ORDER ON MOTION FOR PROTECTIVE ORDER LIMITING INITIAL DISCOVERY
Kenneth G. Gale, United States Magistrate Judge.
Now before the Court is the “Motion for Protective Order Limiting Initial Discovery” filed by Plaintiff AKH Company, Inc. (Doc. 82.) Having reviewed the submissions of the parties, this motion is DENIED.
The above-captioned matter is a declaratory judgment action based on a dispute concerning insurance coverage. (See Doc. 1.) The facts of the case were summarized by District Court in its Order (Doc. 75, sealed) denying Plaintiff’s Motion for Partial Summary Judgment (Doc. 7) and Defendant’s Motion to Bifurcate (Doc. 68). The Court incorporates that factual summary herein. (See Doc. 75, sealed, at 4-7.)
In the present motion, Plaintiff requests the Court employ a phased discovery plan. Plaintiff argues it would be beneficial to have an initial phase focusing on “the issues for [District] Judge Robinson to determine whether Kansas or California law will apply in this case.” (Doc. 84, at 6.)
Fed.R.Civ.P. 26(b) states that “[p]arties may obtain discovery regarding any matter, not privileged, that is relevant to the claim or defense of any party . . . Relevant information need not be admissible at the trial if the discovery appears reasonably calculated to lead to the discovery of admissible evidence.” “‘Discovery relevance is minimal relevance, ’ which means it is possible and reasonably calculated that the request will lead to the discovery of admissible evidence.” Teichgraeber v. Memorial Union Corp. of Emporia State University, 932 F.Supp. 1263, 1265 (D. Kan. 1996) (internal citation omitted).
Protective Orders are governed by Federal Rule of Civil Procedure 26(c), which states in relevant part that “[t]he court may, for good cause, issue an order to protect a party or person from annoyance, embarrassment, oppression, or undue burden or expense.” “The party seeking a protective order has the burden to demonstrate good cause.” Reed v. Bennett, 193 F.R.D. 689, 691 (D.Kan.2000). To do so, the moving party must make “ ‘a particular and specific demonstration of fact, as distinguished from stereotyped and conclusory statements.’” Aikens v. Deluxe Fin. Servs., Inc., 217 F.R.D. 533, 534 (D.Kan.2003) (quoting Gulf Oil Co. v. Bernard, 452 U.S. 89, 102 n. 16, 101 S.Ct. 2193, 68 L.Ed.2d 693 (1981)). This particular showing must demonstrate that the basis for the protective order falls within one of the categories enumerated in Rule 26(c). Further, the moving party must clearly define the potential injury to be caused by the discovery at issue. Zhour v. Pittsburg State Univ., No. 01–2493–KHV, 2002 WL 1932538, *2 (D.Kan. July 25, 2002).
Defendant’s previous Motion to Bifurcate asked the District Court to “engage in choice of law analysis before considering any other issues in this case.”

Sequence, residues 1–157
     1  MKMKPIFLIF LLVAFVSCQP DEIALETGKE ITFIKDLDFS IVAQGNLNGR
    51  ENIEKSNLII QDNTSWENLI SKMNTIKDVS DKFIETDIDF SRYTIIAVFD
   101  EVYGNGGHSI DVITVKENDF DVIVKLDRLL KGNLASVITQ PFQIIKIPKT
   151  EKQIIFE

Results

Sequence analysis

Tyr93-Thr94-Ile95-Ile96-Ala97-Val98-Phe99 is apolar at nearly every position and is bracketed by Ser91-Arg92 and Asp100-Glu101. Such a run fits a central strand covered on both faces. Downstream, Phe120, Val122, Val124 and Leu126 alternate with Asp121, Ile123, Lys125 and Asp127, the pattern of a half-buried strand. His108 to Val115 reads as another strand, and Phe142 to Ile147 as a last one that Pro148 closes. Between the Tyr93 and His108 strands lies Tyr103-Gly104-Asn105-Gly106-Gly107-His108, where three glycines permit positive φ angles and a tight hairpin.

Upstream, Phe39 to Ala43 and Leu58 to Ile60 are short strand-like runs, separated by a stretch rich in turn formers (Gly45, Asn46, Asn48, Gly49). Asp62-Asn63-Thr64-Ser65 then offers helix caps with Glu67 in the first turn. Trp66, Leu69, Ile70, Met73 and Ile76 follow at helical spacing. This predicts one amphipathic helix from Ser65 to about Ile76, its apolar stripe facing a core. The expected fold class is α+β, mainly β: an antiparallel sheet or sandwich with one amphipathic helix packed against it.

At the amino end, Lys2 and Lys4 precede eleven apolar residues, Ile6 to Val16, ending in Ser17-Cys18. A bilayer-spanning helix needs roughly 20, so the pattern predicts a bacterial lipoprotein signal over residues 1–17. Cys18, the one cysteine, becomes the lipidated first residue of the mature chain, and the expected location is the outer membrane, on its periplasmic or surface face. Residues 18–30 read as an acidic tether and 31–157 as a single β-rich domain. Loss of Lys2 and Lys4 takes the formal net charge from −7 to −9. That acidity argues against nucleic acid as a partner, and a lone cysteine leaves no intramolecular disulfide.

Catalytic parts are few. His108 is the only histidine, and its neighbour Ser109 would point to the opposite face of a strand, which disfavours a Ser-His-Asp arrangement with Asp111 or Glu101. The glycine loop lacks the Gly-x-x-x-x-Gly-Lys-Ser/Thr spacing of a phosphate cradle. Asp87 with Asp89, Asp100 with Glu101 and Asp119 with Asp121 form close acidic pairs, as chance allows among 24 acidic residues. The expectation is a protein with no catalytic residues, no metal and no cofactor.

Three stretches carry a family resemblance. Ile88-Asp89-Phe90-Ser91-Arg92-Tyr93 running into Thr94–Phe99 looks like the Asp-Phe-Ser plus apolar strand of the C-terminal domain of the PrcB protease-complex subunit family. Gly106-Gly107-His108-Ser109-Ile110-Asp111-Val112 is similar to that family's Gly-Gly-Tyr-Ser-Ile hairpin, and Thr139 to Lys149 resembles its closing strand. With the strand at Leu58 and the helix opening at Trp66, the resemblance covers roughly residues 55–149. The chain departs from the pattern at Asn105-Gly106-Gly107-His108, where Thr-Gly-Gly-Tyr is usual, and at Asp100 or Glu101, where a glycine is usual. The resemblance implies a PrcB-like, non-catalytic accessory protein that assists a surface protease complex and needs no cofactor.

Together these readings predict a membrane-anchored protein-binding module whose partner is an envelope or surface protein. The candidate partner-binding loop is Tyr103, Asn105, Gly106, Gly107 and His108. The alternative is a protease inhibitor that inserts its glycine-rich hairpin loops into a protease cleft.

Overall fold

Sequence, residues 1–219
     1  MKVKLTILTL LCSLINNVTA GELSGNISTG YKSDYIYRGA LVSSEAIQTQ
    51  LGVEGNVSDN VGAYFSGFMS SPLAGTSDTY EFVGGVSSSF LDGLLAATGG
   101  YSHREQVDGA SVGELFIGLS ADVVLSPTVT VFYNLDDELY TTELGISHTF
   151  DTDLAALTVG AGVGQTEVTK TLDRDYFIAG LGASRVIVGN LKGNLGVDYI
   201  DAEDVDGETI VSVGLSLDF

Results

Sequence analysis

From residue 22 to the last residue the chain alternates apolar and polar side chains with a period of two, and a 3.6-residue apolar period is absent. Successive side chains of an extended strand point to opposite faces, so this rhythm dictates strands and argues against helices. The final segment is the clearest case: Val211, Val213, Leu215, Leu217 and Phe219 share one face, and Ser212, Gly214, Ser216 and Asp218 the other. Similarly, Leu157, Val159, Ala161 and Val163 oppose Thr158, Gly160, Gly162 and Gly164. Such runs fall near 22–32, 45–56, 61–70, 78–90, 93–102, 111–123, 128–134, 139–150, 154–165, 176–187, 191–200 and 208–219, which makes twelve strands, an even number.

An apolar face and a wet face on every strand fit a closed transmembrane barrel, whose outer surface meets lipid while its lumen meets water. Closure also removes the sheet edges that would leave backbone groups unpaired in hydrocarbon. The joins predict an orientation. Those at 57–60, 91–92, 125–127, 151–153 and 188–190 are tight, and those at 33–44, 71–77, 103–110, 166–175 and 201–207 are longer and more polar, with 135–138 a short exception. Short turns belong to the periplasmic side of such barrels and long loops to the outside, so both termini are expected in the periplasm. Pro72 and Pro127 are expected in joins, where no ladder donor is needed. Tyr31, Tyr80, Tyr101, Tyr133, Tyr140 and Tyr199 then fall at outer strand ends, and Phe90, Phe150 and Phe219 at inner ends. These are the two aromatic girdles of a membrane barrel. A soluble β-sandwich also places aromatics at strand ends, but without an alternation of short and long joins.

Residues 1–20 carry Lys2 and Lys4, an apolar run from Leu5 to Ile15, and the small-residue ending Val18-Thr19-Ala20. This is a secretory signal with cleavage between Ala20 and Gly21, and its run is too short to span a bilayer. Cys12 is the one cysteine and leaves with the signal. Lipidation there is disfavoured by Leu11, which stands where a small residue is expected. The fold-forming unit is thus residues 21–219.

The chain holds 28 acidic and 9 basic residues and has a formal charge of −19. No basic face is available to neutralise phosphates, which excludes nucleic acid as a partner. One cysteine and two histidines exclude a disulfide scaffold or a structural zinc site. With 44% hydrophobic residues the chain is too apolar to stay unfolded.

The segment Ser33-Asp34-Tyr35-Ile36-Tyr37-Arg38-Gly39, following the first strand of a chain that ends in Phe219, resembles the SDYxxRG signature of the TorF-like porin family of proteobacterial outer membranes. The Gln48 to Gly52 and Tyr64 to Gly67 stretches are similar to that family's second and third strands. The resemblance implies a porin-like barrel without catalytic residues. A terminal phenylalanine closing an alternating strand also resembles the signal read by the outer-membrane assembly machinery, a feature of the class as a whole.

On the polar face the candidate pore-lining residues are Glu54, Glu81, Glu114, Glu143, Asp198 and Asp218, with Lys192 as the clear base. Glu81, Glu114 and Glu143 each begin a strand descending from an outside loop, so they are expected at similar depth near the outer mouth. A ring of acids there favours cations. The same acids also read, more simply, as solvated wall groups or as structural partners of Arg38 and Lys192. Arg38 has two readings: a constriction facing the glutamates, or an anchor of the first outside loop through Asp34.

(Doc. 75, sealed, at 14.) In the context of the motion to bifurcate, UUIC contends that separating this issue for discovery and trial will greatly expedite and economize future proceedings. AKH opposes the motion, arguing that UUIC has not demonstrated that an actual conflict exists which would require a choice of law analysis. In its reply, UUIC points out that its motion is limited to seeking a choice of law decision on the making and performance of the policy.
Interestingly, for the present motion, the parties have now traded positions on the necessity of an initial determination of the choice of law issue. Plaintiff is now pressing the Court to employ a phased discovery plan, with the first phase limited to discovery relating to choice of law, to “avoid unnecessary time and expense on irrelevant discovery.” (See Doc. 84, at 7.) Defendant now opposes such an approach. (See Doc. 89.)
Plaintiff’s brief infers that the District Court’s prior Order encourages initial discovery on the choice of law issue. This Court does not read Judge Robinson’s decision in that manner. The District Court held
that UUIC has not demonstrated that bifurcation would create convenience, avoid prejudice, expedite, or economize the proceedings in this case. As the Court has discussed throughout this order, the issue of whether UUIC has a right of reimbursement is not easily separated from other issues. Moreover, the Court observes that the parties have taken inconsistent positions at various points throughout their multiple motions and lengthy briefs, seemingly tailoring their positions for the sake of expediency. The Court is therefore reluctant to shape these proceedings in a manner that could allow for even more selective posturing.
(Doc. 75, sealed, at 14-15.)
The Court agrees with the District Court that separating the issues would not be easy. The Court also finds that it would not be particularly useful. As such, the Court DENIES ...